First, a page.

Tallahassee, Fla.  —  Gene Deckerhoff, the Voice of the Seminoles for 43 years, has announced that he will retire following his radio broadcast of FSU’s spring football game on April 9.  Deckerhoff is a bona fide legend in broadcasting and among the most heralded and beloved announcers in the history of college and professional sports.

Among a staggering list of awards and honors presented to Deckerhoff is the 2013 National Football Foundation and College Football Hall of Fame’s Chris Schenkel Award, the prestigious Lindsey Nelson Award for broadcasting excellence in 2015 and the Woody Durham – Voice of College Football Award presented by the National Sports Media Association.  In 2019, he accepted the George Langford Award for a Lifetime of Service to Florida State University presented by the Seminole Boosters Board of Directors along with close friend Coach Bobby Bowden.

“It has been a lifetime of great moments—great players, great coaches, great games, great memories, and most of all great Seminole fans,” said Deckerhoff.  “A life’s work that reads like a best selling novel played out on the radio. I have been blessed. Thank you FSU.

“I will finish my commitment to the Buccaneer Radio Network and who knows maybe broadcast another Super Bowl.”

Deckerhoff, 76, began calling Seminole men’s basketball games in 1974, assumed FSU football play-by-play duties in 1979, and added his role as play-by-play announcer for the NFL’s Tampa Bay Buccaneers in 1989.   He has called 529 Seminole football games and over 60 percent (1,324) of the Noles men’s basketball games.  By his own count, Gene has uttered his signature “TOUCHDOWN FSU” 2,218 times.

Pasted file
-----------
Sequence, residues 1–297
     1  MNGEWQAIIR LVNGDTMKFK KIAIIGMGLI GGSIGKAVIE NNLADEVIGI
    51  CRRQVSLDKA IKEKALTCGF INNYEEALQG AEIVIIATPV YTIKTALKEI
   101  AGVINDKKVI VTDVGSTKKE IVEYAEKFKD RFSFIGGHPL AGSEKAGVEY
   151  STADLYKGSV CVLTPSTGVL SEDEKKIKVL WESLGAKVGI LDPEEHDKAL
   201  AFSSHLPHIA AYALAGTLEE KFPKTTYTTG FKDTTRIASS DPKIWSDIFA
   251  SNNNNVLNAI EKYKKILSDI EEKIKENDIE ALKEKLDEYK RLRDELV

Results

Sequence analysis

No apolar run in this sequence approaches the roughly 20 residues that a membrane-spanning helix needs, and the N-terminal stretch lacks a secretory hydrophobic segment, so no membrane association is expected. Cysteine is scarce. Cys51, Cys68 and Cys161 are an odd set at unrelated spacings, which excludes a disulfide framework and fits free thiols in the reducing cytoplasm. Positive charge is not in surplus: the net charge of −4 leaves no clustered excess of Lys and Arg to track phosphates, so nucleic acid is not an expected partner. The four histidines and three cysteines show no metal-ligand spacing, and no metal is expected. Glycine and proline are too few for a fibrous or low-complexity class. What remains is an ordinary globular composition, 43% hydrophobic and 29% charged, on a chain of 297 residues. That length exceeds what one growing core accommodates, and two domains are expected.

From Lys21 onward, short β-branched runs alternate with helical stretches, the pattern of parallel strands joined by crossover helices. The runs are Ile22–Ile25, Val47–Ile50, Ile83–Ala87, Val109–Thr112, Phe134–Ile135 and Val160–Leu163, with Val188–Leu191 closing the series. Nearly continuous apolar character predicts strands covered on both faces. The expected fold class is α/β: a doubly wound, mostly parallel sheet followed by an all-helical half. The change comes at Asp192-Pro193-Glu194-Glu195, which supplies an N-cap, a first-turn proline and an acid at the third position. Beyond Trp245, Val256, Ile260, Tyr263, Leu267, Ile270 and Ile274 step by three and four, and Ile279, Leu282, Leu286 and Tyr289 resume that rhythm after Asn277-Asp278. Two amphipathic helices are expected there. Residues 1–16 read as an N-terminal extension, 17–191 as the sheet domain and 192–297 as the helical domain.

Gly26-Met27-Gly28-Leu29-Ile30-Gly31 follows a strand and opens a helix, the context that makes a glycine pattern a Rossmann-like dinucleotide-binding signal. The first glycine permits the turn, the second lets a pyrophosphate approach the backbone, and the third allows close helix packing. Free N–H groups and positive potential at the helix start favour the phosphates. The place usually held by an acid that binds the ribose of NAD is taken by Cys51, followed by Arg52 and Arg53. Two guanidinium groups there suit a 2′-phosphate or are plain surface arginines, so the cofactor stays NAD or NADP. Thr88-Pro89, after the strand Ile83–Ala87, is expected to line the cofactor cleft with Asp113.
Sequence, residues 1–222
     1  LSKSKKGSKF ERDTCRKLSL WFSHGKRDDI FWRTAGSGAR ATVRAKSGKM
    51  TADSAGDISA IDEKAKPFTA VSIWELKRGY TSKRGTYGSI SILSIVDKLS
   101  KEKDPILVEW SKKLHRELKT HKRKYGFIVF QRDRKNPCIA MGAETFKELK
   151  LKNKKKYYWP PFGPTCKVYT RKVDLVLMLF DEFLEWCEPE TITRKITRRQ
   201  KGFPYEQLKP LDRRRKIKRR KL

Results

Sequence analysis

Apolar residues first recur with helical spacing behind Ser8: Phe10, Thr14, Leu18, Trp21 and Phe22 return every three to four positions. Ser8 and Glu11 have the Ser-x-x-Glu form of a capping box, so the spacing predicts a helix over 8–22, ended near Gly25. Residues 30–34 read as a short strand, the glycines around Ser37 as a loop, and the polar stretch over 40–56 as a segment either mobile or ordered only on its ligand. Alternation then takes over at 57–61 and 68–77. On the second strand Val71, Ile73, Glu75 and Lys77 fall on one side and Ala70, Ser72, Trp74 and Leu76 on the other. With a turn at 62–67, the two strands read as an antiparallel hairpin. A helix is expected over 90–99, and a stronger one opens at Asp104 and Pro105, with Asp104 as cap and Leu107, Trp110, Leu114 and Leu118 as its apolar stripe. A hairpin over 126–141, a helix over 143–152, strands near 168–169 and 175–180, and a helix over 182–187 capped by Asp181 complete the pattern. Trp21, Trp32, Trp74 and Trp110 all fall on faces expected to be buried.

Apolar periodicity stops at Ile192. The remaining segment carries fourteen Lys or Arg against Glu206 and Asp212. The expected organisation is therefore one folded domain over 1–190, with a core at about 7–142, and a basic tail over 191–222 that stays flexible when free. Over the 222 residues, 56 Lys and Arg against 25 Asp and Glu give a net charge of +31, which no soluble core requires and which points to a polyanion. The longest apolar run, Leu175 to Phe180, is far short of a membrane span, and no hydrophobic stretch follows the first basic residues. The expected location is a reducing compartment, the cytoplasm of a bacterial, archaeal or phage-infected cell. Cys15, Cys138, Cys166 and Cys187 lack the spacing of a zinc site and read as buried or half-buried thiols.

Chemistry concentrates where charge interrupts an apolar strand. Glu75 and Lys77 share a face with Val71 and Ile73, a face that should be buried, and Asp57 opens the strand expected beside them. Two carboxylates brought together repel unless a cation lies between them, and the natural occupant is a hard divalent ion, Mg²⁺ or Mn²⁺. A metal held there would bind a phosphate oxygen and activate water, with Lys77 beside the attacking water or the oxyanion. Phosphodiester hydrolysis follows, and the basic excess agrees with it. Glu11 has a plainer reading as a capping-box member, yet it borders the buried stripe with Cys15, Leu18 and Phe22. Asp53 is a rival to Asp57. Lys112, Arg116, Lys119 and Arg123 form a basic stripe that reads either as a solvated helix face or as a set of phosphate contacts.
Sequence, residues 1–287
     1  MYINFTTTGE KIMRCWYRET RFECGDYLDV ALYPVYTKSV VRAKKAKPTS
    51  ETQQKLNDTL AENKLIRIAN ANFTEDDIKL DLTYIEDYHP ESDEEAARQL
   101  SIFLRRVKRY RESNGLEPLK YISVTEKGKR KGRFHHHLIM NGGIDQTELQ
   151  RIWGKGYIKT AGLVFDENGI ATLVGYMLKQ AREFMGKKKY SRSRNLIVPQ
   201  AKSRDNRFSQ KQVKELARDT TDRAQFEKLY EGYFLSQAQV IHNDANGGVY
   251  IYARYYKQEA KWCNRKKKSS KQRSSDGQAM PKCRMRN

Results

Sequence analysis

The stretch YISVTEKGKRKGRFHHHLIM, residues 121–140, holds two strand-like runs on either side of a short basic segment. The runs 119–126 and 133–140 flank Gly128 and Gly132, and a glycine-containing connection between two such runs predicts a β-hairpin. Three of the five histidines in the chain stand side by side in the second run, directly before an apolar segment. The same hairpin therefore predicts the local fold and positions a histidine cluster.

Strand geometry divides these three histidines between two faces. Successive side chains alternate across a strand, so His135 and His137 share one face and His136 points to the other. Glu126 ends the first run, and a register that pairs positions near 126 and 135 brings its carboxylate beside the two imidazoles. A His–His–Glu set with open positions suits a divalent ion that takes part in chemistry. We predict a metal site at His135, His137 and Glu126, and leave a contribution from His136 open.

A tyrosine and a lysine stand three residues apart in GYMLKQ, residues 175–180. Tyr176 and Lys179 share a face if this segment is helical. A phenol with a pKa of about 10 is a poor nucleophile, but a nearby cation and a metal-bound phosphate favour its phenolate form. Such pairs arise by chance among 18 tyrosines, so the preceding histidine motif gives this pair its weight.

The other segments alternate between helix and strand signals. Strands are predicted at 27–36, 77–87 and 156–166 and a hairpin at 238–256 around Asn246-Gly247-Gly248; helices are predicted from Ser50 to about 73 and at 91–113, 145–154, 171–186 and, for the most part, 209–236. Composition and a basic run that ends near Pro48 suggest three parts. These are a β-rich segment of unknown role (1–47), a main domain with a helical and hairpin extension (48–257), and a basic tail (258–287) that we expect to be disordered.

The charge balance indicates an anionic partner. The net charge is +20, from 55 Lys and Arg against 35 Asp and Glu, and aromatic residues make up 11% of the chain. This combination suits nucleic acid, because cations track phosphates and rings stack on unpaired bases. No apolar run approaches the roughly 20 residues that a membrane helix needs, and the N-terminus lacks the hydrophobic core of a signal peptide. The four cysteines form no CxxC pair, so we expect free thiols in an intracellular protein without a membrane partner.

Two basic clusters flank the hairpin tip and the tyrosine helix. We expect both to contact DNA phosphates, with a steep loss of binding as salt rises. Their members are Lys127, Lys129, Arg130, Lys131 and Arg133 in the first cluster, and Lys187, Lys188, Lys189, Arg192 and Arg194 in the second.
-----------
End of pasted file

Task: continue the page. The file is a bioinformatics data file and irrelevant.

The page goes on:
In 2000, Deckerhoff was inducted into the Florida Sports Hall of Fame and two years later was inducted into the Florida State University Athletics Hall of Fame.  The Florida Community College Activities Hall of Fame tabbed Gene for induction in 2004. He has been named Florida Sportscaster of the Year by members of the National Sportscasters and Sportswriters Association 14 times. And for 18 consecutive years was named the Best Play-by-Play Announcer in Florida by the Florida Sportscasters Association. He received the Circle of Gold medal from Florida State University for outstanding service to the university.

“I don’t think I can put it any better than Gene Deckerhoff is FSU,” said Vice President and Director of Athletics Michael Alford.  “We are so honored that one of our most visible ambassadors has been a person with unsurpassed expertise, unique talent, boundless enthusiasm and a personality that so perfectly reflected Seminole athletics.

“Our fans genuinely love Gene.  He is one of the most endearing figures in college athletics and it is truly remarkable to see him interact with fans from both teams.

“He is one of kind and thank goodness for the last four decades he was ours.”

Gene and Ann are the parents of three boys – Emerson, Dennis and Eric –  and six grown grandchildren.  Asked what he was looking forward to the most Gene said, “an extended off-season with more time with Ann.  We have missed 48 years of weekends and we look forward to traveling to our favorite places for longer vacations.  We will be attending FSU sports events as fans and dancing to the War Chant.

“I hope to enjoy the rest of my life in Tallahassee until God tells me he needs another play-by-play announcer in Heaven. Go Noles!”